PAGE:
September 23, 2008
EPA Drops Ball Again
THE ENVIRONMENTAL PROTECTION AGENCY has, once again, played ball with the White House while threatening public health. The latest case is about perchlorate, a component of rocket fuel that has been linked to thyroid problems in pregnant women, newborns and young children nationwide. The toxic component, also contained in fireworks, is showing up much too often in water supplies.
The EPA's conclusion in a draft claims the clean-up level for perchlorate would not result in a "meaningful opportunity for health risk reduction for persons served by public water systems."
What the report doesn't say is this avoids potentially costing the government billions of dollars in cleanup costs and it keeps the Defense Department away from nasty lawsuits with upset contractors. Who wants to go through all of that trouble just for the sake of public health concerns?
Like its lack of action with greenhouse gas emissions with intense pressure from Bush and the auto industry, the EPA is ignoring that this harmful ingredient is showing up mainly as a result of defense and aerospace activities, according to congressional investigators. The Defense Department used perchlorate for decades in testing missiles and rockets, and, had the EPA set standards, the Pentagon would've been held liable. The Pentagon has strongly denied it influenced the EPA.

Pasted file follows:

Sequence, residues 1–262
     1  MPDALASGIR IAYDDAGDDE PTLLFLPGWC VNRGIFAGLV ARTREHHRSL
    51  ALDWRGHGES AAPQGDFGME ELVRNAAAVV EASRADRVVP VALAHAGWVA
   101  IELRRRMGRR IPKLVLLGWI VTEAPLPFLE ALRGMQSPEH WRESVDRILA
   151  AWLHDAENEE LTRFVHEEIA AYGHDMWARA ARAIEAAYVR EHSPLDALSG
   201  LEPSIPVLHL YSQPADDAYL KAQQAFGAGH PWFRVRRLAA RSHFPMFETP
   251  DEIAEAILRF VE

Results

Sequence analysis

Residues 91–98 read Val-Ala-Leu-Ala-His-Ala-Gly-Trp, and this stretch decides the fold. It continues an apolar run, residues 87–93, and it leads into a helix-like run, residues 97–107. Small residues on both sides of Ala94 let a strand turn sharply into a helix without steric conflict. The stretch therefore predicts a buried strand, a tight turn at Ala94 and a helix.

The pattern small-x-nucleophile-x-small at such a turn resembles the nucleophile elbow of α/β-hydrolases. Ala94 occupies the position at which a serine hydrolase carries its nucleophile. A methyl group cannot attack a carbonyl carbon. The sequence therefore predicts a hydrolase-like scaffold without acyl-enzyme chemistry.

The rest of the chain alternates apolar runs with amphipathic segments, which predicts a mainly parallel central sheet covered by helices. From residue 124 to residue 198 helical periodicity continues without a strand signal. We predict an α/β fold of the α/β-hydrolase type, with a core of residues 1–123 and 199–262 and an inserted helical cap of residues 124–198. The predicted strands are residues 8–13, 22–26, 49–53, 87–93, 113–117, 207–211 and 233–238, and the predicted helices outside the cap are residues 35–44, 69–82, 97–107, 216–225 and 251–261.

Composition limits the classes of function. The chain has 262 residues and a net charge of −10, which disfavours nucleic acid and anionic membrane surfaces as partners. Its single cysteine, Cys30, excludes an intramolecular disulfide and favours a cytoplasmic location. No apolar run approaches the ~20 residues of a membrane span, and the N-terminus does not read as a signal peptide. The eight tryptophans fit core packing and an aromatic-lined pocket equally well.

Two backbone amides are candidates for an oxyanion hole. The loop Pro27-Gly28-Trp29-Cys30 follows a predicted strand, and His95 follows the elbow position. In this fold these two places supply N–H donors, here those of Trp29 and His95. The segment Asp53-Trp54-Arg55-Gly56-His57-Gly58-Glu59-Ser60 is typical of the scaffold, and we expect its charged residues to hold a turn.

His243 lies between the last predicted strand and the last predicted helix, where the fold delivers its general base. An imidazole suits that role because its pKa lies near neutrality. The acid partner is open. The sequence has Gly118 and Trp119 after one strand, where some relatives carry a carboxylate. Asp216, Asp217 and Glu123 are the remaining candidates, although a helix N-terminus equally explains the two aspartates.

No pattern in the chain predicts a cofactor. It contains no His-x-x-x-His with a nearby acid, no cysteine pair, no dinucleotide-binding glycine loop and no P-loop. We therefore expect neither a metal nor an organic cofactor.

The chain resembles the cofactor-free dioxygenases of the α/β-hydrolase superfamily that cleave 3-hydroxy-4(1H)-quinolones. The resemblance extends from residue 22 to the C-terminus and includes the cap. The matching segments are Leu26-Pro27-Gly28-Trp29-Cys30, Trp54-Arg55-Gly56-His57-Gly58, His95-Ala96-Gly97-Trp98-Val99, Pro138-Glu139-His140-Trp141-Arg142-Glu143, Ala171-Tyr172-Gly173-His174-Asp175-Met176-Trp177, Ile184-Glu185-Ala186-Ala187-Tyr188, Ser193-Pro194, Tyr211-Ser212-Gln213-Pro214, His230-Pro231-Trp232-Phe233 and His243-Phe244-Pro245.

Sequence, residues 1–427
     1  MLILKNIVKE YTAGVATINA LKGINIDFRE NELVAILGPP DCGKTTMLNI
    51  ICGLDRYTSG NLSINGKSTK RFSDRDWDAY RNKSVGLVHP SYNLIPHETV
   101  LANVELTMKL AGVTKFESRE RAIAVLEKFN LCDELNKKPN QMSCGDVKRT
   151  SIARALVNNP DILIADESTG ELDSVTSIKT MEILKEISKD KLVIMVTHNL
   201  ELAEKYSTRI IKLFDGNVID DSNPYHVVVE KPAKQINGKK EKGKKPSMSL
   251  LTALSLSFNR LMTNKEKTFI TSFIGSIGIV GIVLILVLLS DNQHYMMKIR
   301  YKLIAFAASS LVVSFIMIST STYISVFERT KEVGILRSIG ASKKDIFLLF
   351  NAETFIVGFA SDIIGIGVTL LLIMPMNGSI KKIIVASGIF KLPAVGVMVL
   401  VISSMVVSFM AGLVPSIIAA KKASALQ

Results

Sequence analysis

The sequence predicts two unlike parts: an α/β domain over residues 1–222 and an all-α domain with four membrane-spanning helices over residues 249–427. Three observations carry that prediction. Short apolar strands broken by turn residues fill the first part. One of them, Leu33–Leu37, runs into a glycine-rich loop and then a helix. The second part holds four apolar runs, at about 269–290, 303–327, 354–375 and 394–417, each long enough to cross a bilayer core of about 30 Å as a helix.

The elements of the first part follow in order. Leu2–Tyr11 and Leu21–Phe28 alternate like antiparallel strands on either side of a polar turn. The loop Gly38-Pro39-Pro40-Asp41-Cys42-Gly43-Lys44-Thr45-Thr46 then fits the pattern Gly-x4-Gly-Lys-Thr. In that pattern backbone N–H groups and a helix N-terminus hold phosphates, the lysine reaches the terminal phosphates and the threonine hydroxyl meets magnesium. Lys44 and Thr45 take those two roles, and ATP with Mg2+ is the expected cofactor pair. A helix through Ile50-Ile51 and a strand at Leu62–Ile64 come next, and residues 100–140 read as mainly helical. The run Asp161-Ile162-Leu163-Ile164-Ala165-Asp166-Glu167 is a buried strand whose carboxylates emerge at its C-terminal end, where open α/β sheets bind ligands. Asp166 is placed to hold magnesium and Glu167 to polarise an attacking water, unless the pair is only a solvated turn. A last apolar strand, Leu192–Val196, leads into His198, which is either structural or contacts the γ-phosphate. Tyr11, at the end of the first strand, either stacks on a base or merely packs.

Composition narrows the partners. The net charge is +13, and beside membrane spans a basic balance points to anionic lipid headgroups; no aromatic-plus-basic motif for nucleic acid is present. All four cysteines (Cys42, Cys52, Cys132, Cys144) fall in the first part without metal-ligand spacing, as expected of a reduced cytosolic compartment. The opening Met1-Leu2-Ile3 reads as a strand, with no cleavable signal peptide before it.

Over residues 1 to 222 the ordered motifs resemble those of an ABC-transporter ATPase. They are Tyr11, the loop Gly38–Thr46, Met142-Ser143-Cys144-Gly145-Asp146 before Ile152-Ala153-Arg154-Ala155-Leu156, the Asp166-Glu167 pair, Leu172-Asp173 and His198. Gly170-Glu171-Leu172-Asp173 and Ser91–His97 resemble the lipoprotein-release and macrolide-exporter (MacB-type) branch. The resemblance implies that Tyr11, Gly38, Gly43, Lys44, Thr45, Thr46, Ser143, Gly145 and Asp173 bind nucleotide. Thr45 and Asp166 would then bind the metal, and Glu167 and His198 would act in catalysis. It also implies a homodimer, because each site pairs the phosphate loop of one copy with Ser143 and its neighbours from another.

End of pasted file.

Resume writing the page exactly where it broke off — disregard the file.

There was an example in Redlands where Lockheed Martin was responsible for polluting water supplies due to perchlorate contamination. What federal officials should be concerned with is the contamination isn't limited to water near testing sites. In 2004, the California Department of Food and Agriculture found perchlorate in 32 samples of milk taken in Alameda, San Joaquin and Sacramento counties.
Levels of the chemical are being found in the Colorado River, a main water source for this state and 20 million people, due to contamination from Lake Mead via Las Vegas. It has also been found in lettuce and other foods.
Due to EPA's inaction, California stepped up last year and thankfully laid down its own regulation, a drinking water standard of 6 parts per billion. Massachusetts also has its own regulation, but these two states cannot do it alone.
The EPA said it will take final action by the end of the year, but we don't hold out much hope the agency will change its mind. We urge the next administration to take action and, with congressional support, force the EPA to set standards and clean up our water supplies.
Originally published by MediaNews editorial.
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